This year’s meeting started with a lot of CRISPR biology which I found really exciting, because it lets us non-CRISPR biologists understand this beautiful genetic system of adaptive immunity in bacteria. Also, there’s been an emergence of anti-CRISPRs - peptides that can halt CRISPR activity. These peptides are numerous and act differently by blocking different steps, which is a really fascinating system. It’s perhaps not surprising that there are some practical uses to them as well. 
One of the really exciting things for me was Kathy Niakan’s talk about using human zygotes to address important questions about embryonic development in humans. Obviously, it’s a very difficult system that needs to be heavily regulated. But as much as we know about mouse development and the very earliest stages of mouse embryos, one thing that’s clear is how different things are in human embryos. We have known for a long time that human oocytes are very prone to aneuploidy, and that results in miscarriages or birth defects. Trying to understand the genome instability that arises in the early stages of embryos is something that’s also important for human health and infertility.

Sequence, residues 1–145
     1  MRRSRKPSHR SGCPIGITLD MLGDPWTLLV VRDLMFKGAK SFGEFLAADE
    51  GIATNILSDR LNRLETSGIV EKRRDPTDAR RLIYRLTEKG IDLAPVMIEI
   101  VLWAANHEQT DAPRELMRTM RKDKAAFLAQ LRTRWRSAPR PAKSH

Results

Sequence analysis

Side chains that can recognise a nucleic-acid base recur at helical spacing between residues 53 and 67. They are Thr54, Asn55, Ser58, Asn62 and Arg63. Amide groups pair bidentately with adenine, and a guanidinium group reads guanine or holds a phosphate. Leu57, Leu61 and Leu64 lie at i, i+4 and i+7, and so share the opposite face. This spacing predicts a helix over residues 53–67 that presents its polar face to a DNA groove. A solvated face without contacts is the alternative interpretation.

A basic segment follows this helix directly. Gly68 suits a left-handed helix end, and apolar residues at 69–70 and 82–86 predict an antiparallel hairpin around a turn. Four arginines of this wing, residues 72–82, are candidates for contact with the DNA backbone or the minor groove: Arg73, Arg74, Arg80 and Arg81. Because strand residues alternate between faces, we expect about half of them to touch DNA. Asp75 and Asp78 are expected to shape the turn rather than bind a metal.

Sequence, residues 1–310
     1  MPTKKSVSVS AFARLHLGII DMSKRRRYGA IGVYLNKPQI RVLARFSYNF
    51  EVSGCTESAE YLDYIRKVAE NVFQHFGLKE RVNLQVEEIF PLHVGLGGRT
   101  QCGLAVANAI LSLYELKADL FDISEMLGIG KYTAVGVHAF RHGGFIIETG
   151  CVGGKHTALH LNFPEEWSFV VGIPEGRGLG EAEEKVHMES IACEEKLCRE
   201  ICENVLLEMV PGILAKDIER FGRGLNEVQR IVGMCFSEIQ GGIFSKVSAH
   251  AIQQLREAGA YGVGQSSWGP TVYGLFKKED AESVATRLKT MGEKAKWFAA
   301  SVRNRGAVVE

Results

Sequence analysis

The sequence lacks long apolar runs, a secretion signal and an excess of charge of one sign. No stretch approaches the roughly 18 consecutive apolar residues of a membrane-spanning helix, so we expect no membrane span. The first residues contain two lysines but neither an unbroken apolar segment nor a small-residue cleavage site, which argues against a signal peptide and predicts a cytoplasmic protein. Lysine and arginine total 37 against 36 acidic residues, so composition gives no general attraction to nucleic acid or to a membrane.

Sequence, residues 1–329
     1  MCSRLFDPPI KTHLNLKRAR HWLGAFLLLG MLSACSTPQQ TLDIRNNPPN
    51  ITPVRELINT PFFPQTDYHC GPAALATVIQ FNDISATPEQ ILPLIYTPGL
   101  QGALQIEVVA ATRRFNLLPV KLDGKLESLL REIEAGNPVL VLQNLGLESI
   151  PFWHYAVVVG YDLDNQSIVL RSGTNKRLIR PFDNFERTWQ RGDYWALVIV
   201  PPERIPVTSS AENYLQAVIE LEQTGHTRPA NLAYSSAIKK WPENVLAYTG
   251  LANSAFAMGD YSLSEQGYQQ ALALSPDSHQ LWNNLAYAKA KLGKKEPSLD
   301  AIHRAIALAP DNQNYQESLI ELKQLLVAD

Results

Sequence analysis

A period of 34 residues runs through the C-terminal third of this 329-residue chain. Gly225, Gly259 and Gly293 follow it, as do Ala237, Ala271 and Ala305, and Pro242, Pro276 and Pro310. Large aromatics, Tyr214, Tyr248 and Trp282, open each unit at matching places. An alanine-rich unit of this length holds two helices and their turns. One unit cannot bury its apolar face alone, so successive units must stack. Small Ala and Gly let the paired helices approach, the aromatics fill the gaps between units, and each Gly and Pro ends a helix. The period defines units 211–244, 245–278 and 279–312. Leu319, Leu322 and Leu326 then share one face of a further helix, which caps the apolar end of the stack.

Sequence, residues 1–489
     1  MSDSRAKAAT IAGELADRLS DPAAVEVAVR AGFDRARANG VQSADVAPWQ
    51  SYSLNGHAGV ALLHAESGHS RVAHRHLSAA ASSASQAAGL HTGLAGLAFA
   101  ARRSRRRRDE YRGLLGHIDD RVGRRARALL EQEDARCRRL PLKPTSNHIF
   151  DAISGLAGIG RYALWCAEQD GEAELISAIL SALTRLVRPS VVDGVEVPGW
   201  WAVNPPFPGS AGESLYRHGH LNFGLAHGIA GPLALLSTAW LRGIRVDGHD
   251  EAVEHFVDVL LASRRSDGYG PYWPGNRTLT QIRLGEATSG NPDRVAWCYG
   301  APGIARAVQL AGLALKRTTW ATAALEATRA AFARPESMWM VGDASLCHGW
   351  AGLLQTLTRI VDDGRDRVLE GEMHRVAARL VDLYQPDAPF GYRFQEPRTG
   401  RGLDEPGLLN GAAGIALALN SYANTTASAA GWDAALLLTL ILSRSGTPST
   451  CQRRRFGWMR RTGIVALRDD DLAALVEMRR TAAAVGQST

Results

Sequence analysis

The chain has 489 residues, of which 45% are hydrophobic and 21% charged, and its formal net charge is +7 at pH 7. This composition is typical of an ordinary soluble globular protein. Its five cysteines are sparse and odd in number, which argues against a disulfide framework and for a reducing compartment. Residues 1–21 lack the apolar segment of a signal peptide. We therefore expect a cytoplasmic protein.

Another talk I was excited about was given by Danwei Huangfu, who uses human pluripotent stem cells to understand pancreatic development. For a long time, we’ve only been able to use cell lines in humans that are transformed and highly aberrant. The ability to use cells that can be differentiated into human lineages is really exciting and highlights the ability to understand, again, human embryonic development at a much later stage. It’s related to human genetics that in the past we wouldn’t have been able to do.  
Also, my student, Weiran Feng gave a talk about his work on homologous recombination – one of the pathways people like to use to modify the genome. It was very touching for me to see one of my students develop a beautiful story and present it in a beautiful way.